Tag Archives: drill sergeant

‘Magic’ Monday?

There’s no denying it now. The year has started. Things are back to whatever normality they are accustomed to occupy. There are no more excuses. My inner drill sergeant is clearing his throat and getting ready to shriek, and I have no valid way of shutting him up.

Photo Credit: Defence Images via Compfight cc

Photo Credit: Defence Images via Compfight cc

A shame, then, that my brain feels like it could really use another couple of weeks off, but that’s what self-discipline is for. Right? I’ve already been far too lenient in allowing myself to stay away from my WiP since before Christmas (eek!), but I refuse to feel guilty. Even though I’ve seen other writers posting on social media about how they worked through the holiday season, scribbling away until 2 a.m. every night, making the most of the break (I most assuredly did not do this), I refuse to beat myself up. Even if I spent my evenings binge-watching Game of Thrones and drooling, slightly, onto my couch.

That’s over now, though. No more drooling. Drooling is out for 2015.

It’s time to get focused once again.

I made a good start, I have to admit, by meeting up (albeit sort of accidentally) with a pair of fellow writers yesterday. We are all at different stages in the process, which made it even more interesting. One of us is shiny and fully fledged, published and all (her book is available here, in case it sounds like your kind of read), and one of us is me, of course, who’s sort of midway, and the other’s a prolific short story writer and committed writing course attendee who probably knows more about writing than I ever will, and who is just about to finish the first draft of her novel. It was great to talk to people who know how it feels to battle your way to the end of a Work-in-Progress, and to face the editing process, and who’ve stood on the precipice of rejection and lived to tell the tale. It was good for my other half, too, who got to talk to another ‘writing widower’ about how annoying… I mean, endearing, it is to watch your wife’s eyes glaze over and her mind flitter off elsewhere when you’re halfway through a conversation. It did him good to have a shoulder to cry on. I think they concocted a support group, actually, which they’re going to call the ‘Anti-Social Network’, designed to gently encourage Twitter-addicted partners to get off the internet and focus on reality. Good luck with that, guys.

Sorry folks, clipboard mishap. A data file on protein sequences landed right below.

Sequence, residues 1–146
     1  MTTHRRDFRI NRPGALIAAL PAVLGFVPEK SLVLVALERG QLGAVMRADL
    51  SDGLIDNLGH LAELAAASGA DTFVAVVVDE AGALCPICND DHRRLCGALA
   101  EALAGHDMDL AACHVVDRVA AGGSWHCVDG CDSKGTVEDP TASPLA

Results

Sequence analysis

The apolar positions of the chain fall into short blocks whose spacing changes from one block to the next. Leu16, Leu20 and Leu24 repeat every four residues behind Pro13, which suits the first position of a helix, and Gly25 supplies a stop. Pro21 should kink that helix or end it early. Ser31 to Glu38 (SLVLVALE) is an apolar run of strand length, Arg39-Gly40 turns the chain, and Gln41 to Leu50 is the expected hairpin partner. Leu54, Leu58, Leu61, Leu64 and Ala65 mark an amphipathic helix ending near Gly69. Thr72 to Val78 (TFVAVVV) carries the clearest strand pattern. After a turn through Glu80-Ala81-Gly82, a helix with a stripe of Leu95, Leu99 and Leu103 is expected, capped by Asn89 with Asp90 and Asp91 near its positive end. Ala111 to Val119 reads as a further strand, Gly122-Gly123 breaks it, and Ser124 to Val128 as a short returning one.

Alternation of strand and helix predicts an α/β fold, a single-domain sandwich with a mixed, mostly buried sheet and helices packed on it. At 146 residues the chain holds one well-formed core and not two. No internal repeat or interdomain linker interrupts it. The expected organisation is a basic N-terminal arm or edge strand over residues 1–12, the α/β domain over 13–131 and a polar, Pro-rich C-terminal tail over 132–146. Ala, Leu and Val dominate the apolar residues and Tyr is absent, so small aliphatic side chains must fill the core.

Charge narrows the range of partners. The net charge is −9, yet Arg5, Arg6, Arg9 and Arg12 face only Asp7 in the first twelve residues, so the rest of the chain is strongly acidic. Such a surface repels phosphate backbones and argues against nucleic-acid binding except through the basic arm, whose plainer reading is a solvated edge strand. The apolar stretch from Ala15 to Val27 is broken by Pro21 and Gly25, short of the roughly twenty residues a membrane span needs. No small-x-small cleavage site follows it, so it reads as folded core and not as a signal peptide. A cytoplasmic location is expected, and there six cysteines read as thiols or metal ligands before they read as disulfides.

In any case, though this was an excellent (and enjoyable) start to my writing life in 2015, it wasn’t quite as good as getting my backside into my writing seat and actually putting words on a page. Hopefully, I’ll get to that today, if I can channel the magic of this ‘magic’ Monday and get my mojo fired up.

And if the house cleaning, decoration removal, and general tidy-up after Christmas duties don’t snow me under first, that is…

Good luck with your own self-discipline today, whatever it is you’re getting back to after the break. I hope a productive, happy and pleasingly busy day awaits – and if there are words in it, all the better.


Sir, Yes Sir!

I know, now, why so many people who aspire to writing never actually manage to achieve their aims. It’s not necessarily down to a lack of talent, or a dearth of ambition, or a shortfall in the amount of effort they put into it, but perhaps – at least, if I’m anything to go by – it’s because they try too hard.